The South Bend-bred prog-fusion band that got its start at small Michigan venues proved its fan-fueled, instrumental mettle in a sold-out show Wednesday at Meijer Gardens. The review, photos, set list.
SCROLL DOWN FOR PHOTO GALLERY & WEDNESDAY’S SET LIST
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Decades ago, Umphrey’s McGee sowed the seeds of its jam-band legacy — and began growing its devoted fan base — with regular stops at The Intersection in Grand Rapids and other Midwest clubs.
The genre-melding, prog-fusion outfit from South Bend has since conquered the country with its on-stage instrumental prowess and ultra-faithful UM fan base, something that was certainly in evidence Wednesday night for the band’s return to Frederik Meijer Gardens & Sculpture Park.
And when I think of great ways to spend summer nights, few things top listening to live music under a setting sunny sky — something Umphrey’s McGee capitalized on quickly with a groovy sample of psychedelic, jam-band goodness.
Although there were some hiccups in the form of keyboards losing sound output to the speakers, the crowd remained energized and reveling in the atmosphere, one that’s unique compared to most Meijer Gardens shows.
“We love this place and we love playing for you guys,” frontman Brendan Bayliss told the capacity crowd. “I remember the first time we played here, we thought we would never get invited back.”
Fans of the band’s newest studio album, “Asking For A Friend,” released just last month, were gifted with a live performance of the track, “So Much.” And judging by the level of applause and noticeable backing vocals from fans, this new record seems to be a hit. The song served essentially as a palate cleanser from the long-winded jamming, as it sports a sweet, country-tinged soft-rock instrumental and few jam band antics.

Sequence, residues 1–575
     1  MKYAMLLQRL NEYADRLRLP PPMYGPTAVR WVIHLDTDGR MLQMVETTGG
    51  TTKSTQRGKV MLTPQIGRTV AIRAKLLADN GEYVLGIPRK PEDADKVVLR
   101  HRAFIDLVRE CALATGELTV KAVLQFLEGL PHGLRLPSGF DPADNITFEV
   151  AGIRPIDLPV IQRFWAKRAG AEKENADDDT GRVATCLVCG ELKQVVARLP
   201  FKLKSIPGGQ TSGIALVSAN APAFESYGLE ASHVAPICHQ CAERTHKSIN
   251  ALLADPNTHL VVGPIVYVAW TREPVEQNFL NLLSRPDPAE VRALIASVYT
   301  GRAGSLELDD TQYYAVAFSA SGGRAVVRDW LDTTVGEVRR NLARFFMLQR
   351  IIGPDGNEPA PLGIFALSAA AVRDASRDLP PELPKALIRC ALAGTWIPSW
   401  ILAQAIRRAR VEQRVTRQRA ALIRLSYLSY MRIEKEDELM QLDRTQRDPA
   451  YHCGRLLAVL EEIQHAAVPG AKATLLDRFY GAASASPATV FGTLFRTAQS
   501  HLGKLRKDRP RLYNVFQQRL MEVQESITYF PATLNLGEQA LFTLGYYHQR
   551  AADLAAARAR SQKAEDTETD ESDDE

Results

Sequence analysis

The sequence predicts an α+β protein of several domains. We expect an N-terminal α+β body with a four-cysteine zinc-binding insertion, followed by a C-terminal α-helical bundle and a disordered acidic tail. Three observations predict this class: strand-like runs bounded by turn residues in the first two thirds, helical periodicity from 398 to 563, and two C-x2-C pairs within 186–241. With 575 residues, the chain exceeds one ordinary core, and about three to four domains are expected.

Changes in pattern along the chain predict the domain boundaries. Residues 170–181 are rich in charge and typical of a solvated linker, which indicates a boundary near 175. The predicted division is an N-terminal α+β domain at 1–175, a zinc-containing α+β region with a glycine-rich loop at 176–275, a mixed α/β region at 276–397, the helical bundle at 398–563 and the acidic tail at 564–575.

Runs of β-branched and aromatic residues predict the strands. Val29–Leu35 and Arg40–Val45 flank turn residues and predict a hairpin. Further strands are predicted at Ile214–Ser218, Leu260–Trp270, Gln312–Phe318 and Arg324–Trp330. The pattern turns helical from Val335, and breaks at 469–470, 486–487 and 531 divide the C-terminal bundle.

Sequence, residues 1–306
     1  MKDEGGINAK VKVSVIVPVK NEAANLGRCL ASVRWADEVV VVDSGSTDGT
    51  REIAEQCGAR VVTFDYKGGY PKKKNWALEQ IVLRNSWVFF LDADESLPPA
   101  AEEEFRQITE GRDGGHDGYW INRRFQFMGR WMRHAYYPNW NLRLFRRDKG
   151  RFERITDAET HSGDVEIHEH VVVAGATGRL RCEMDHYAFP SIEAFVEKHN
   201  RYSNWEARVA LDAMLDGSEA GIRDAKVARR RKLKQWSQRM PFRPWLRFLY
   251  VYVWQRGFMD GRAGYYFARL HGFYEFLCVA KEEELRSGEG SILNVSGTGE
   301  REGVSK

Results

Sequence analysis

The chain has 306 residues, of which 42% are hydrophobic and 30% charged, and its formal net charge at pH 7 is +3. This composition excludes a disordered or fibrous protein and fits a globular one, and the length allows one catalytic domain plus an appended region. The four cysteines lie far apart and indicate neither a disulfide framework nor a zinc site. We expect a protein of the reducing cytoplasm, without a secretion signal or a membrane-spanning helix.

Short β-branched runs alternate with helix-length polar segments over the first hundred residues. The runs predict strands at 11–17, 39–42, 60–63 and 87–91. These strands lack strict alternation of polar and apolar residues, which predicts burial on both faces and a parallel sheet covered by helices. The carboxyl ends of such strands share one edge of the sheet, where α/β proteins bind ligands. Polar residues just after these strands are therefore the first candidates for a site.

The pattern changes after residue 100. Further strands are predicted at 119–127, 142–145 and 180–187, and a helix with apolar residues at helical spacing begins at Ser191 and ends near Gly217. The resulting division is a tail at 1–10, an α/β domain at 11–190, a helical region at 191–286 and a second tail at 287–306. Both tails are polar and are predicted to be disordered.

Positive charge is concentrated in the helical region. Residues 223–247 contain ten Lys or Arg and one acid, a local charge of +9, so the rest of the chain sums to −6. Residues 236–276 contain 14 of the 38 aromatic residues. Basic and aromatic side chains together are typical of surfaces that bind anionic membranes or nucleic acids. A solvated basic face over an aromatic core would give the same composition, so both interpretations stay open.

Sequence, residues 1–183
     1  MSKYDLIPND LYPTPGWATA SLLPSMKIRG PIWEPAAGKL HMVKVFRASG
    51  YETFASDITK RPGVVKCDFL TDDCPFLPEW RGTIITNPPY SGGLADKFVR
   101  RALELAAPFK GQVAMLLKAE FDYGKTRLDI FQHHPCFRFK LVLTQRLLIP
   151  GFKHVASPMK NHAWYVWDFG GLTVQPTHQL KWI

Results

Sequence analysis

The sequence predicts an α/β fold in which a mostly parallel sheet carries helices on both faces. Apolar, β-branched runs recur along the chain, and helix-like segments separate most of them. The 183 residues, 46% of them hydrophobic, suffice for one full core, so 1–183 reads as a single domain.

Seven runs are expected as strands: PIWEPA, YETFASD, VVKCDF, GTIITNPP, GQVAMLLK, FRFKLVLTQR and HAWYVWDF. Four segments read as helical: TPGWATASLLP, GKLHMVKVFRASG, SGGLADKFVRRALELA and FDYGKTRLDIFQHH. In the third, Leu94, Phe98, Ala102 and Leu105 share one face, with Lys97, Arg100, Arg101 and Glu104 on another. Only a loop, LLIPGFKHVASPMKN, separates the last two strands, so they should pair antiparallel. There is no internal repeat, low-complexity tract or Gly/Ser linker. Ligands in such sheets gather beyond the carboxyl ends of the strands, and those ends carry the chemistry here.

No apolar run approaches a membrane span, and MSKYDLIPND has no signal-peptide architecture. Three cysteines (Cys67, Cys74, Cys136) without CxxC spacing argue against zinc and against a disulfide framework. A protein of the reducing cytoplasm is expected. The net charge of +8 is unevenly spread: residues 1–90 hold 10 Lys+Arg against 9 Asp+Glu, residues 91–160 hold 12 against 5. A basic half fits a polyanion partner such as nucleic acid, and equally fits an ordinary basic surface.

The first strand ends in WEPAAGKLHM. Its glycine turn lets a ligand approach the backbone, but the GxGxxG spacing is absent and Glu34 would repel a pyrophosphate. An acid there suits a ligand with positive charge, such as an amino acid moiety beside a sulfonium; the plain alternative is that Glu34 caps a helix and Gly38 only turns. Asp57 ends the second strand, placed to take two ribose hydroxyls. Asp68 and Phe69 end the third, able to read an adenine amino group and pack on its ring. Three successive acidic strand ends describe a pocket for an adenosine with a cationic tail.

The band followed with “Utopian Fir,” one of the evening’s highlight that had Umphrey’s McGee guiding a musical roller coaster, twisting and turning through tight sonic quarters. Beginning with a memorable riff and transitioning into explosive full=band jam test pieces, then to quiet, tension-building segments, and finally bringing it back around to the original riff that began the song, “Utopian Fir” proved why it is a staple of UM concerts.
“Their guitarist is very talented and I love listening to all the unique sounds he’s able to create,” noted fan Andrew Puro. “Also, because the drums are so important to a jam band, the drummer has a lot of power and influence in the way the songs progress, and I think the drummer in Umphrey’s McGee did a great job guiding the band.”
After a 20-minute intermission, Umphrey’s McGee returned to finish out the night with the sun behind the trees and the backing lights turned on to add to the psychedelic milieu — an environment that would have been improved had some fans in the crowd focused more of their attention on the music being created than on conversations with those next to them.
Overall, it was a magical night, even for a jam-band neophyte such as myself (compared to some of the retired Deadheads on hand Wednesday), showcasing wildly talented musicians who deserve the accolades and audience growth they’ve experienced since those formative years on the club circuit in the late 1990s.
PHOTO GALLERY: Umphrey’s McGee at Meijer Gardens
Photos by Chelsea Whitaker
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